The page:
Thyroid UK

I noted from the recent Petition sitting transcript, it would appear there has been double standards applied when there was a shortage of T3

The health authority is happy to say it is OK to obtain the Licensed T3 ONLY from other countries when we are short here in the UK , have others understood this explanation , or am I getting the wrong end of the stick? :) I think the Petition Panel have also picked up upon this point too?

3 Replies

If there is a UK shortage there seem to be two options. Allow unlicensed medicines to be offered. (Preferably ones which are licensed elsewhere so we have some faith in their quality.) Or not allow unlicensed medicines to be offered.

(There is, of course, another option so radical that it could not be countenanced. Abandon licensing. But there are several problems with that approach.)

Doctors are allowed to prescribe unlicensed medicines anyway. That those who make decisions may be unwilling to pay is a closely related but somewhat separate issue.

I for one would rather unlicensed medicines were offered than not. Though when supply issues are resolved, I would expect reversion to licensed medicines. Otherwise we are effectively contracting out our licensing processes to others. And whatever might be wrong with our system, it is at least ours and not imposed from abroad.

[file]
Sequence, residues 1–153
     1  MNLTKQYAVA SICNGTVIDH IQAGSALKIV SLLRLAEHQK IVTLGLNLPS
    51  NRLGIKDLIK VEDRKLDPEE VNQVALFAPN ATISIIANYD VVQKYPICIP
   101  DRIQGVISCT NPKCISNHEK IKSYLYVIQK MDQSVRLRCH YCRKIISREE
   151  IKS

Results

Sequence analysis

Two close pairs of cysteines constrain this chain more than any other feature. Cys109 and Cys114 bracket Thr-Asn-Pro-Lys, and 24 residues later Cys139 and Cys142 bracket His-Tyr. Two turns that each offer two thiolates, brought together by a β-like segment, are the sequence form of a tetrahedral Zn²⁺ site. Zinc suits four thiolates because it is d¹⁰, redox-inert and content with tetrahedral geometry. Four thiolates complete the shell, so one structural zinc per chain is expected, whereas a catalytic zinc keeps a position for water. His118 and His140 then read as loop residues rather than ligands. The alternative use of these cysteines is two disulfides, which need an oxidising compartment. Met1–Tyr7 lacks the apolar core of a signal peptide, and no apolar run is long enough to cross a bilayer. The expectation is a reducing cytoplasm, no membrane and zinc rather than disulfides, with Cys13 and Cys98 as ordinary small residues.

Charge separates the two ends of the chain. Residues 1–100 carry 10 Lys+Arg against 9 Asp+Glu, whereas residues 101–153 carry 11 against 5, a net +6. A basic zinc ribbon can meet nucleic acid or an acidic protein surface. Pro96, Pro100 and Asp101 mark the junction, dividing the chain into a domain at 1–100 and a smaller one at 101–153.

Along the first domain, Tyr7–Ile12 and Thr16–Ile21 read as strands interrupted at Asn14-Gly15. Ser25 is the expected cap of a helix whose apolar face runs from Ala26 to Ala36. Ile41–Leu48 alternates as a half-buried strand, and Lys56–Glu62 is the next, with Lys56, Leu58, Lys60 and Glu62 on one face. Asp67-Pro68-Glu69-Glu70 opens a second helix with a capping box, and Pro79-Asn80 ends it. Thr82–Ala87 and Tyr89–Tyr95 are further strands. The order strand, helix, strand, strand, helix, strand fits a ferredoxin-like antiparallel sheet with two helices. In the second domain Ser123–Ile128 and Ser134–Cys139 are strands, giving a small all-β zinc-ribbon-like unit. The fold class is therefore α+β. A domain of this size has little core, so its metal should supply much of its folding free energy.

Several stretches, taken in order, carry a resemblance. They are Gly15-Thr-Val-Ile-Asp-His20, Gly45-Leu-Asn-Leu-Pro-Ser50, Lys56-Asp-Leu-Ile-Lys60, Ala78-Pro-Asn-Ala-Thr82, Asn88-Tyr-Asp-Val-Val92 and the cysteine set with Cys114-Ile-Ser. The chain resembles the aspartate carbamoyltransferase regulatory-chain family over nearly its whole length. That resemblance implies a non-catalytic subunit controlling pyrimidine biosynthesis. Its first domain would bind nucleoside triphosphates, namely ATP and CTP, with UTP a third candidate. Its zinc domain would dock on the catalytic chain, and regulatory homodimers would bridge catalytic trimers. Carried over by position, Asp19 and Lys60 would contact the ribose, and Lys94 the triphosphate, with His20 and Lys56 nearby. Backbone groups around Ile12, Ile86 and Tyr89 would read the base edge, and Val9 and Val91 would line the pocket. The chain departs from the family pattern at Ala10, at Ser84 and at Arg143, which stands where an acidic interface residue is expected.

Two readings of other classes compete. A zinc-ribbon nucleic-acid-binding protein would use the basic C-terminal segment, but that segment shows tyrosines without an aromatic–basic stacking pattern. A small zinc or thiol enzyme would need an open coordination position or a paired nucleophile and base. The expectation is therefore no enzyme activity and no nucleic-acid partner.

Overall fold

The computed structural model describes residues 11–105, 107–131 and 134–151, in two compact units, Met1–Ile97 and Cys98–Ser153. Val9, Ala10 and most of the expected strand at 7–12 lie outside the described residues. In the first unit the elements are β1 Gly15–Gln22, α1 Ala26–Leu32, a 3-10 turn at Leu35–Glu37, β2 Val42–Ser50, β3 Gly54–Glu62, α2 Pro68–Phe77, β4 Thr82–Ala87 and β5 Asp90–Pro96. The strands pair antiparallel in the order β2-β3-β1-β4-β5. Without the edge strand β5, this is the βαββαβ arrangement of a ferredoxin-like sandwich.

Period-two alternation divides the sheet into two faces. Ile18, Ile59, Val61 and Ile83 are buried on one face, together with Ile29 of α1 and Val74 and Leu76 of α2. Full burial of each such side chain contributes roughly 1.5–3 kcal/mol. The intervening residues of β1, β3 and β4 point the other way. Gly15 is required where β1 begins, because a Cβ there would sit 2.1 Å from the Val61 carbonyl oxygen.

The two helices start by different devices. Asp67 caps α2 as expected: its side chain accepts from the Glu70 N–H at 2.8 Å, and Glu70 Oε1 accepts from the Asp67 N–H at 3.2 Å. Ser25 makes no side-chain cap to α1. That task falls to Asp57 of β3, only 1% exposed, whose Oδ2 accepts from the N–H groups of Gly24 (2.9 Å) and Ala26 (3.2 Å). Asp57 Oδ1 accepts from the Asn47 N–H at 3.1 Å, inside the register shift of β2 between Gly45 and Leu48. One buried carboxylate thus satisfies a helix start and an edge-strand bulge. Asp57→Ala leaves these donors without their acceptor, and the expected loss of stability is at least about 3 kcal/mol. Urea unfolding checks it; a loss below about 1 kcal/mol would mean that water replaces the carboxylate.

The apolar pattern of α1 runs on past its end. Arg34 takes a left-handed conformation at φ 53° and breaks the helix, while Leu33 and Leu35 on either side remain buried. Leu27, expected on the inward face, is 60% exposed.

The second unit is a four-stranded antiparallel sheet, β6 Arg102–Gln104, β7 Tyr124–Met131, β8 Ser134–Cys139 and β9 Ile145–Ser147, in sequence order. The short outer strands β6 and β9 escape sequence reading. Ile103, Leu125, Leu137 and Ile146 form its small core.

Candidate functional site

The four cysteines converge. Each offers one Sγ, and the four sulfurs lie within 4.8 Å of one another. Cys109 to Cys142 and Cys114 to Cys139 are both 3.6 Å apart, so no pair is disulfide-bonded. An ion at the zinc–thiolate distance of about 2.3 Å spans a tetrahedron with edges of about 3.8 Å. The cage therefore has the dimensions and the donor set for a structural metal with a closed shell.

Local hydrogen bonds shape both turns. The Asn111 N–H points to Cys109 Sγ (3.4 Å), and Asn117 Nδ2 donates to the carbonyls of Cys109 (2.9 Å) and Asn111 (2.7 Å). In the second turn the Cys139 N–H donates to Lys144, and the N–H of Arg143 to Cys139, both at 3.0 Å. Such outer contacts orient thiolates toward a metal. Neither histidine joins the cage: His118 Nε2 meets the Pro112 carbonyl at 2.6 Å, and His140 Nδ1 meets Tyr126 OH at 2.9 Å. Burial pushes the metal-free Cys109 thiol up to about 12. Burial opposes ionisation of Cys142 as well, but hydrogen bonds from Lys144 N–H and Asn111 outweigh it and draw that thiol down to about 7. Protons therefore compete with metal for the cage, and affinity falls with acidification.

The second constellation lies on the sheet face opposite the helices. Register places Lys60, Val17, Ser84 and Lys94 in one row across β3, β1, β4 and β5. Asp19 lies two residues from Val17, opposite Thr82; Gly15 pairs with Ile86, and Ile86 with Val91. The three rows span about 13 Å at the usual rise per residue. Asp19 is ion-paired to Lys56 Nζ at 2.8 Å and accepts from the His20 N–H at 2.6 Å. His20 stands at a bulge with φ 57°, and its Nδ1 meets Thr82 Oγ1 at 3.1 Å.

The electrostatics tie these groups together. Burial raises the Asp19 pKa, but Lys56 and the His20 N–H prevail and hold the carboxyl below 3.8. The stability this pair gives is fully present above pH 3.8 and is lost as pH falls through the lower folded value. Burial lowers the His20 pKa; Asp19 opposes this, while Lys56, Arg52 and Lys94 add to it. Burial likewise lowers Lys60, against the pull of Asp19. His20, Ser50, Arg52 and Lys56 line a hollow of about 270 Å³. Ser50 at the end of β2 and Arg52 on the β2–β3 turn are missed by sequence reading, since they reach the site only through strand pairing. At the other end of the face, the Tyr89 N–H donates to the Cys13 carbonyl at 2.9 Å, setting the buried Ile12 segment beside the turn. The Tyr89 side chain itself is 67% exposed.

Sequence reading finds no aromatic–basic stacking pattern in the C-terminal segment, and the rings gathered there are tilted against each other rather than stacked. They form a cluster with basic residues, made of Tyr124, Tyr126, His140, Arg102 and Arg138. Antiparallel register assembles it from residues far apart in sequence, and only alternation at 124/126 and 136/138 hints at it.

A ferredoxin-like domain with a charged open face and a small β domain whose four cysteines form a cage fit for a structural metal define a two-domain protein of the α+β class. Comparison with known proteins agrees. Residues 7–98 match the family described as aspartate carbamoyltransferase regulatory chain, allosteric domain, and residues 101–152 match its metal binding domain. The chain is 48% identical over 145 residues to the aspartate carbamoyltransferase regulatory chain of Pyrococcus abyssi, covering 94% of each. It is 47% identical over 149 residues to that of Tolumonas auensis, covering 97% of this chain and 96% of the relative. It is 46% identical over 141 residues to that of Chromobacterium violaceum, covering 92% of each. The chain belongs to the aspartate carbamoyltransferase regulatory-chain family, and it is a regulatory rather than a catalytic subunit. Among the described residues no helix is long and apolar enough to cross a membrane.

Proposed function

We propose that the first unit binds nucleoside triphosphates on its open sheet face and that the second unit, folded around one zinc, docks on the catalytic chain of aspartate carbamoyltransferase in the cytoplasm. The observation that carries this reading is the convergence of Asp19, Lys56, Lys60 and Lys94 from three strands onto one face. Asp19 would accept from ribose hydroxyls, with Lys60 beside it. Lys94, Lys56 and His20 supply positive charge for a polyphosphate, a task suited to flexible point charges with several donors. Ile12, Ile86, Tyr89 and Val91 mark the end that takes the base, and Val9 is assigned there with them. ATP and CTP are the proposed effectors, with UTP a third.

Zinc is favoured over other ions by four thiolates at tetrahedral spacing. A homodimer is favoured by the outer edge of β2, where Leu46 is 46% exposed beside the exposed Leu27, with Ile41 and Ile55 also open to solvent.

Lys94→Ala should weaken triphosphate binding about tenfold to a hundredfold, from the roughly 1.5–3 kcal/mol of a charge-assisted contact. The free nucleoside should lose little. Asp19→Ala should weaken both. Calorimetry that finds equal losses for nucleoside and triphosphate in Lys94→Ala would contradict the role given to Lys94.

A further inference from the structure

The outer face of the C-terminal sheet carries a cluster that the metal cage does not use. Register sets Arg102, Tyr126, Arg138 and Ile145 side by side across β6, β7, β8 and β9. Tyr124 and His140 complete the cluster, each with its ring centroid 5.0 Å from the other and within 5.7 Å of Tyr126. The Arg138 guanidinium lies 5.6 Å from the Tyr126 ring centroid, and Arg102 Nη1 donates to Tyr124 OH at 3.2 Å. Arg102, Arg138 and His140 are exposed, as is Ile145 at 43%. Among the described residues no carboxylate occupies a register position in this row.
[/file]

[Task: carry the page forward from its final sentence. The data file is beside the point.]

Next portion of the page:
If the actual products that are licensed are not the ones people want, that is another issue.



A N was not impressive at the meeting , hes so transparent in my opinion - He minimalizes this serious health issue - Transcript below


I think that when companies have supply issues especially if its been sold abroad or if they are using raw ingredients for a new medicine launch thus creating a shortage ( generic firms seem to do this more) The NHS should be allowed to levy a charge back to companies. I just wonder how many Docs appointments, hospital referrals etc are caused by inadequate supply, and questions from patients not to mention treating new symptoms in Thyroid patients. The review on thyroid medicines also said they degrade really quickly if they are allowed to go above 25 degrees, our next supply has probably been sitting in a stuffy pharmacy in 30 degree heat, so by December will we back to our gps with symptoms, surely If the regulations were stricter on products with a narrow therapeutic index the knock on costs to nhs would be less. Sorry bit of a rant but it seems to make sense economically as well as health wise for us to be adequately treated. Imagine how many extra bloods have been done with brand change over!


You may also like...